Partitioning also opens up a new set or problems at the system level, though. “You’ve got complex power distribution, multiple voltages, power ICs,” said George Zafiropoulos, vice president of solutions marketing at National Instruments. “How do you know it all came up at the right time? You can add ADCs and monitor the voltage rails, but that adds cost.”
Looking at partitioning from a system level requires a different mindset, as well. Complexity is rising in many devices, regardless of whether it is a smartphone or what used to be a simple industrial meter. That complexity requires a deeper understanding of how power is used in a device, which often is represented as a distribution plot rather than a fixed number because it can vary greatly from one user to the next.
But this isn’t a linear progression like shrinking features. The growing interest in machine learning and neural networks has shaken up the entire electronics industry, creating new models for where processing is done, including what data needs to be moved and what can be processed at edge nodes versus in more powerful processing locations such as the cloud—or even an on-board centralized computer in an autonomous vehicle.
“Partitioning of computational elements is suddenly more important,” said Chris Rowen, a Cadence consultant. “The question becomes how you hook together multiple blocks. Synchronous is easier. There is more investment there and it is more predictable. There is some GALS—globally asynchronous, locally synchronous. But that becomes tactical. There is always some timing gap. The goal is ultra-scale computing across different boxes, and we expect that to be asynchronous.”
That opens the door for other options, as well. There has been much discussion about whether designing for worst-case scenarios is an optimal use of resources because it requires extra logic circuitry, which can impact both power and performance. Yet there has been comparatively little discussion about how to eke much more power out of individual functions and circuits.
“The big question is how to get operations done at acceptable power figures,” said Drew Wingard, CTO of Sonics. “There are a lot of idle operations, and you need to make sure those do not consume a lot of energy. That requires active power management, where you take advantage of very short idle moments.”
Sonics is backing an approach called an energy processing unit, a subsystem that maximizes idle states in an SoC based upon power gating, clock gating, and voltage and frequency management within a device.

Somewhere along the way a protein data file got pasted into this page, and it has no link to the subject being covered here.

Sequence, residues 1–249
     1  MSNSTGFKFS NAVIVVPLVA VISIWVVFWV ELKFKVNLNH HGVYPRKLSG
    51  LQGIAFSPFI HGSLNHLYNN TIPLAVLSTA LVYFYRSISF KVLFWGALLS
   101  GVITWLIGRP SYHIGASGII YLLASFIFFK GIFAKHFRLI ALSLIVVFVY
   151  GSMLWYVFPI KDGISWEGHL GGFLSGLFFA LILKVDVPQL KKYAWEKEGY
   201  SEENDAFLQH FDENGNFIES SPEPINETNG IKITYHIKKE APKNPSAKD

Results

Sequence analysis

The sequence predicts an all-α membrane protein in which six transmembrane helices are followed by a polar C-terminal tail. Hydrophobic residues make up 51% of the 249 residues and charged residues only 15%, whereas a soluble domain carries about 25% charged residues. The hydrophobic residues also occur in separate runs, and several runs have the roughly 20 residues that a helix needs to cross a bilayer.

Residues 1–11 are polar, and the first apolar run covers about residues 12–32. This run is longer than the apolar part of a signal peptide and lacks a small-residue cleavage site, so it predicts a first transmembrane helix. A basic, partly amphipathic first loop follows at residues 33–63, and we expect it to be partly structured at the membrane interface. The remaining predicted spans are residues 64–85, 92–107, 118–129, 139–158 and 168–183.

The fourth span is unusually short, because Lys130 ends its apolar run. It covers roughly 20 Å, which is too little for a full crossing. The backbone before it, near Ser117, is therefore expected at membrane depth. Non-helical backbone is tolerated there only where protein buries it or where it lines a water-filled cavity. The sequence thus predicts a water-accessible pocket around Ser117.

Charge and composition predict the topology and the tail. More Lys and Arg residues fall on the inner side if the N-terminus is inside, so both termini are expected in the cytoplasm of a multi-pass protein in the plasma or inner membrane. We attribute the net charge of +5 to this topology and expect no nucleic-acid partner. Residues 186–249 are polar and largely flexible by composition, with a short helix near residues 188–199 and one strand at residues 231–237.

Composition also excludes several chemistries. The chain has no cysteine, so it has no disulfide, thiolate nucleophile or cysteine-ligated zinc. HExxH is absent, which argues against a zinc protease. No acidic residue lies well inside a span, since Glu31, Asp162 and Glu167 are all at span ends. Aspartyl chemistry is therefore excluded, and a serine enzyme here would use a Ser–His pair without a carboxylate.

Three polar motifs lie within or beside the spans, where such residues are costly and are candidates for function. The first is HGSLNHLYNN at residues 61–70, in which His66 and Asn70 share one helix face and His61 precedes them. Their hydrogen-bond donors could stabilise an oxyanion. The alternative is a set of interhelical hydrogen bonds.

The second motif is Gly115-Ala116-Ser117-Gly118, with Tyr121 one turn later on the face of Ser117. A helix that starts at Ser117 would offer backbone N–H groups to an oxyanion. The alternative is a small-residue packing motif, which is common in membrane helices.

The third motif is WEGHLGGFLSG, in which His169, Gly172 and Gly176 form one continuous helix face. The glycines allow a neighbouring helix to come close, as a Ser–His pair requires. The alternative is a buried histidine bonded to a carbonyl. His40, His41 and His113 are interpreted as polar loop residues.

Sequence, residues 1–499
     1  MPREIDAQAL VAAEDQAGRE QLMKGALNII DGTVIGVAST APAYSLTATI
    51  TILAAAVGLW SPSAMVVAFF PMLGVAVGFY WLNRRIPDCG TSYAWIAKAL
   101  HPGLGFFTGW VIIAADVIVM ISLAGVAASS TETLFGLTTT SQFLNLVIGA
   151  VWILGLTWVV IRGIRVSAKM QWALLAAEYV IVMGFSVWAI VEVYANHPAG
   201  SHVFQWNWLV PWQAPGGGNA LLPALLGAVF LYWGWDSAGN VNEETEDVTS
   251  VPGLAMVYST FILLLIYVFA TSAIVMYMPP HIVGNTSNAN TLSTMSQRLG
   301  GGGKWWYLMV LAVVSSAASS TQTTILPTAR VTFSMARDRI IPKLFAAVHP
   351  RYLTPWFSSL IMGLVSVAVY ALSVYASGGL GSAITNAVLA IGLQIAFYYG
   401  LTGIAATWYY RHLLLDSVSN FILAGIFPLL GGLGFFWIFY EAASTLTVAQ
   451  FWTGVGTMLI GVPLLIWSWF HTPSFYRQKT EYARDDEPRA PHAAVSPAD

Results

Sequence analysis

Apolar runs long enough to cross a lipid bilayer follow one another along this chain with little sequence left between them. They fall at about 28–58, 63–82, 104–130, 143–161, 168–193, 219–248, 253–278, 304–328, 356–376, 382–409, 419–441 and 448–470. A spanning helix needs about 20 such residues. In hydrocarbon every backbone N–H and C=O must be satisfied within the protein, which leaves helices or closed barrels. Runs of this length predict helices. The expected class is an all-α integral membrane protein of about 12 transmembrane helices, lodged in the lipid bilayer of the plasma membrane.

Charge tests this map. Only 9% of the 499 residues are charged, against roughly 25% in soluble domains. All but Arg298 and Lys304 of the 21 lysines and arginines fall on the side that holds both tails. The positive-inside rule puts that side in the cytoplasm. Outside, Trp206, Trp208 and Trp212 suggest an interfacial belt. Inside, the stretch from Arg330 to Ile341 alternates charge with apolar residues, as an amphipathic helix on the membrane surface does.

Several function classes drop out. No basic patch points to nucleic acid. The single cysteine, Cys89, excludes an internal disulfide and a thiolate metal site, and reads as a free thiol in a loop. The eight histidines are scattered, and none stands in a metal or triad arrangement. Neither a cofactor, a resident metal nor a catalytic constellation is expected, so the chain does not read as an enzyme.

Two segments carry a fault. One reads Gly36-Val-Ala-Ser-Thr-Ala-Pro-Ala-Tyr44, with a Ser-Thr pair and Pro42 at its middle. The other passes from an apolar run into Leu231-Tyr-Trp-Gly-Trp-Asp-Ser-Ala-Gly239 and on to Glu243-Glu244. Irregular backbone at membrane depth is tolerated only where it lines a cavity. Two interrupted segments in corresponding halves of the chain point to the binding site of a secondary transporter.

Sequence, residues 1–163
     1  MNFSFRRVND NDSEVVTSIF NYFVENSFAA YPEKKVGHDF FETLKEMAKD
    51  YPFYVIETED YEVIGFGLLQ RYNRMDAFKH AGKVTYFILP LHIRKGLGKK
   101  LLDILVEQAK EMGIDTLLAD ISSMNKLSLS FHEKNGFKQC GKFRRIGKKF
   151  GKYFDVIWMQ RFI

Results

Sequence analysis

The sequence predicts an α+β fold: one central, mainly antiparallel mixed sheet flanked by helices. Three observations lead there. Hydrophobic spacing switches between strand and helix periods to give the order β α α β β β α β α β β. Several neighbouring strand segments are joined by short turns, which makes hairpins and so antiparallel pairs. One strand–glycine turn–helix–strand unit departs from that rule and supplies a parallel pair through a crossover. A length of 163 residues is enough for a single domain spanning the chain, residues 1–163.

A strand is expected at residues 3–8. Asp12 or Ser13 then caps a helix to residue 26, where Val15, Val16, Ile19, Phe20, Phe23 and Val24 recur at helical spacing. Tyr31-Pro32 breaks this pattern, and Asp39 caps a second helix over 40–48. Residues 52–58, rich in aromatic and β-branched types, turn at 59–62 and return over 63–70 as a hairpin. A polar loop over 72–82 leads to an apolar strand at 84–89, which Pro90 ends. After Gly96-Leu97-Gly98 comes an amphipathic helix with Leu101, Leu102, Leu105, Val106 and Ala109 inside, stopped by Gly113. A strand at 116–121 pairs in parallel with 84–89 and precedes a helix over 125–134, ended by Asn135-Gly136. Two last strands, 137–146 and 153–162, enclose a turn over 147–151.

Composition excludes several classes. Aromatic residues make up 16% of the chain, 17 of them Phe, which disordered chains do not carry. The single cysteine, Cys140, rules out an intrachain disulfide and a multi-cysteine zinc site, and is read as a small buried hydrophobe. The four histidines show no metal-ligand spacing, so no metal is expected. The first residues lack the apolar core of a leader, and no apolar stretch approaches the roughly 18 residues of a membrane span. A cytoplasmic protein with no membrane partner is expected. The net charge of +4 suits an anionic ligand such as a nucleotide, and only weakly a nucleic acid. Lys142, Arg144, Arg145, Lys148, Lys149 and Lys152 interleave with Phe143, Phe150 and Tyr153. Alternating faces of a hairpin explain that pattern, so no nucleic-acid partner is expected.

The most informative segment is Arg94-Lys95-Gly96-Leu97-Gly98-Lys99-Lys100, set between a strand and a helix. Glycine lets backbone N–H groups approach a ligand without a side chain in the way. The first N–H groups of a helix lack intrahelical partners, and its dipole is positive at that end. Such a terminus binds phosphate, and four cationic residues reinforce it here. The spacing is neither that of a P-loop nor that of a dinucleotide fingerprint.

The increasing use of system partitioning into multiple chips connected by high-speed buses rather than putting everything on a single chip raises some other possibilities for managing power.
“System architects are looking at the problem in a different way rather than just relying on silicon technology,” said Kelvin Low, senior director of foundry marketing at Samsung. “You can partition a system to achieve system-level performance scaling. So if you use a 2.5D approach with HBM2 (second-generation High-Bandwidth Memory), the system-level performance increases. It becomes a partition problem, but the distributed processing approach is an important enabler.”
This has a bearing on power, as well, because it takes less power to drive signals through an interposer than through increasingly narrow wires on a single die at advanced nodes. As a result, there are significant power savings in addition to performance increases.
“One of the advantages of HBM2 is that it is that you can move it closer to the processing, and you have 2 gig (gigatransfers/second per pin) rates,” said Frank Ferro, senior director of product management for memory and interface IP at Rambus. “The power of HBM2 is lower, too, and you can re-use quite a bit of technology. But it does require a new PHY design.”
Samsung introduced its version of HBM2 in January. SK Hynix announced availability of HBM2 in August.
Greg Yeric, an ARM fellow, believes that using multiple die in a package opens up a lot of opportunity to optimize power, performance and cost.
“Machines already can bond the wafers, and wafers with standard-cell-level partitioning are coming,” said Yeric. “If you are doing standard-cell-level partitioning, that can help pay for the technology. You certainly get a performance increase. But the question is whether this is a one-time trick. Ultimately, what we are looking at is a 3D IC, where you have memory over logic, such as what Leti is doing with CoolCube. You also can do nMOS over pMOS, or CMOS over fast CMOS.”
Power always has been a global concern in design because it affects every part of a chip, the package, the board, and increasingly the entire system that may contain many of these components. While most chipmakers have gotten the message that power needs to be dealt with early, partitioning for power rather than for functionality or performance has not been seriously considered. That is beginning to change, and it reflects a growing acceptance that power is now a first-order problem in all designs.
But partitioning for power at a system-level is no simple task. It is every bit as complex as system-level verification and analysis, with a few quirks of its own, such as accounting for thermal migration, thermal inversions, chip-package-board interactions, RC delay—and the ability to simulate all of this at a multi-physics level quickly enough to still get a device out the door on time.
Still, the future in semiconductor design has always been about efficiency, and partitioning for power is the next big challenge that needs to be confronted and effectively managed. At this point power partitioning is just getting going. It will likely take some time before enough engineers are trained on this approach to push it into the mainstream.